While many things about the communication era has made being an editor easier (E-mail! Digital photography! Skype! Instant publication on the world wide web!) there’s one two simple words that explain why the job is as hard as ever: Information overload. In the day and age of information overload, how do you separate good content from bad? Maybe you don’t have to. With the endless scope of the internet, there’s always a home for something, somewhere. There’s a couple thing you’ve got to remember about the internet: Comedy is the language of the wired world, and even the terrible can become sublime.
Even in the most niche categories, there’s twitter feeds, blog updates, press releases, Facebook statuses, and, you know, actual real stories. Get out of the niche and into the mainstream, and, well… errr, maybe I’ll just go get some coffee and waste some time on Gawker.
And that little problem – information overload – has created another problem. Your audience is constantly hungry for new content, and you have to keep your brand constantly consumed. Exhausting!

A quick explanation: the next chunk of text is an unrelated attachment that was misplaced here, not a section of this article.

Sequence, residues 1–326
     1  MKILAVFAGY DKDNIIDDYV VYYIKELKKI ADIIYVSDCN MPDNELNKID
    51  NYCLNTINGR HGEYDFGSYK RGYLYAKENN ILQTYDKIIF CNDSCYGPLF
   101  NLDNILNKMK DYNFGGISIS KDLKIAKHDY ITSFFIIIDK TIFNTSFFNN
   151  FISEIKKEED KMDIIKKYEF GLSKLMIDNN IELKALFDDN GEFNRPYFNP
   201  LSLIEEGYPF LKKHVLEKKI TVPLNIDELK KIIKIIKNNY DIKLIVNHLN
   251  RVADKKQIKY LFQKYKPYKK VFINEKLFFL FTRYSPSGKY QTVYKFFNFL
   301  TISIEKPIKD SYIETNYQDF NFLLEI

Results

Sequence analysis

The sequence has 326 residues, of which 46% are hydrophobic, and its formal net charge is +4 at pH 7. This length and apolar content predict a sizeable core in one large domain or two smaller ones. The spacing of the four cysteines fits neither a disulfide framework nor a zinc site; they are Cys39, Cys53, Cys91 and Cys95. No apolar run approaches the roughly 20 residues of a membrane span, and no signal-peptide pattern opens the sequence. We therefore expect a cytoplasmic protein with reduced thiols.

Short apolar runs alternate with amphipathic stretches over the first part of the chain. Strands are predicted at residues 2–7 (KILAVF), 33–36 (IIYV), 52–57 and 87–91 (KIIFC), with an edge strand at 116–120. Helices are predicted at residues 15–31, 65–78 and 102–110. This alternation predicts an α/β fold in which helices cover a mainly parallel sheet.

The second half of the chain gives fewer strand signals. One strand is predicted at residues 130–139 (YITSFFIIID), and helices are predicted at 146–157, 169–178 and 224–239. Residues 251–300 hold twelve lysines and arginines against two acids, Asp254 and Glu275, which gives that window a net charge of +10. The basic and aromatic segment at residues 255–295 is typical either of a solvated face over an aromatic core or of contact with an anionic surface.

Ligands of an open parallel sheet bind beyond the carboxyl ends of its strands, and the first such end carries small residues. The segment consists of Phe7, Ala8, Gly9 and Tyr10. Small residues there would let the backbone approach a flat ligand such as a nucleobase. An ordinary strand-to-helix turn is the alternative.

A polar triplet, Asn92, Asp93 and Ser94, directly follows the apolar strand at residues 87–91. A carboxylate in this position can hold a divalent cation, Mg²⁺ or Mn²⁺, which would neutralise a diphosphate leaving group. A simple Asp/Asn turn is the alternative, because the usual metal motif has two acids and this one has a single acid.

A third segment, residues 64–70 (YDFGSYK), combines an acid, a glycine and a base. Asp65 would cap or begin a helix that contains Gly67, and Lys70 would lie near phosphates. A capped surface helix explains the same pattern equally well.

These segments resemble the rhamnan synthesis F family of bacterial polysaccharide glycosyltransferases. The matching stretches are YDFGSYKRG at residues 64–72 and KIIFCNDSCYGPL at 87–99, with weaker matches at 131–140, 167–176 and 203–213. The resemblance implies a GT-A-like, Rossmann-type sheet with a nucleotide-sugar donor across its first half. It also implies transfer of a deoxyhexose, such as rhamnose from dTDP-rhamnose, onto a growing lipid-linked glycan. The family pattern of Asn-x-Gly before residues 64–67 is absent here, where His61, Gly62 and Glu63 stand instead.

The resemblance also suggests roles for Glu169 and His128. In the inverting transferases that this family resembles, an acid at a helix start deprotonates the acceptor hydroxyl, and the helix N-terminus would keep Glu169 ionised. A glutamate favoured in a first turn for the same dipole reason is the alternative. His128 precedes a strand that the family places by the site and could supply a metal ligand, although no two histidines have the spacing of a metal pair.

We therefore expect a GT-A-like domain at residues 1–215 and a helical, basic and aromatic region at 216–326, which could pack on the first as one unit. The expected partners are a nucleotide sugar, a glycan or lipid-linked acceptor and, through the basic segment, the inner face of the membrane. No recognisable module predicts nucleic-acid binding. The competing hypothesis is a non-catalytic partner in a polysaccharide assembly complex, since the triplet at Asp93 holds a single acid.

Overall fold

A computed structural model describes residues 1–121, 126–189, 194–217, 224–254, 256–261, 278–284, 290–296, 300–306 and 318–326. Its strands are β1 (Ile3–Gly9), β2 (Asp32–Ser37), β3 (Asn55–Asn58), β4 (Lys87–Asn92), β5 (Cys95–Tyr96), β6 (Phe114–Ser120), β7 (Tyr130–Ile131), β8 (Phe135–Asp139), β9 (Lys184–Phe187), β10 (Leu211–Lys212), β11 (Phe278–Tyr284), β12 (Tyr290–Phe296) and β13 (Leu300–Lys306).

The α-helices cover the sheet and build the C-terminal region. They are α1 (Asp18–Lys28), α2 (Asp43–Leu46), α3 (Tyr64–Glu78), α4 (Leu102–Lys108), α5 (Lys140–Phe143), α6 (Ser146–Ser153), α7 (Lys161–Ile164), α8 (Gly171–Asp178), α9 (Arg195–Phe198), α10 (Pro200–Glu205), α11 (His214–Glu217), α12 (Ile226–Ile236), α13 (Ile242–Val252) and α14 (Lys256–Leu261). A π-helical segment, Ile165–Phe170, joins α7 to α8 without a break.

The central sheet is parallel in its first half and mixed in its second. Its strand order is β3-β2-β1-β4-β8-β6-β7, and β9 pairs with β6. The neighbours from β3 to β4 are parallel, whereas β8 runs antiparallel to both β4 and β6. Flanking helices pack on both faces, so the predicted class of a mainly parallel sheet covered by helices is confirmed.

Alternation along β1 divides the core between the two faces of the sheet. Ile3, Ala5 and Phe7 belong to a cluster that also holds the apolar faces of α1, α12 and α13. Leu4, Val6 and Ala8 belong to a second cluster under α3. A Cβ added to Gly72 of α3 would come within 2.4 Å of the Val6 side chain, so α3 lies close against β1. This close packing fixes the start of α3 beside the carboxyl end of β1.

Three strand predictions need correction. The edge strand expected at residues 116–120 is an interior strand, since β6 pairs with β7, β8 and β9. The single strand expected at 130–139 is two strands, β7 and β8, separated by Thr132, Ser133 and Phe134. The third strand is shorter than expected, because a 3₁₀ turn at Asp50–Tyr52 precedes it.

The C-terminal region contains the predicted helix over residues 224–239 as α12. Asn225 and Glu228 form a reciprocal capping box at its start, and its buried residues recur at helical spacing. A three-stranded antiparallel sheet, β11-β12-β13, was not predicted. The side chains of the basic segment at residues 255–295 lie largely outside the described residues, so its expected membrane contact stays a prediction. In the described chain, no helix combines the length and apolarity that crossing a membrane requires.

The great meritocracy of the internet has at least done us this favor: It’s full of shit. Terrible writing. Useless blogs. Facebook photo albums of fuzzy pictures. In fact, for everything we DO spend time with on the internet, there’s probably ten things we just simply ignore. What does this mean for you? It means people are used to reading everything you publish. Not interested? They’ll ignore it and move on. Sure – you need enough great content to keep them coming back. But – every story doesn’t have to resonate with all of your readers. The meritocracy still works – the best stories will get shared – blogged, emailed, tweeted and retweeted. Content is still king – it’s just the prince and the pauper, too.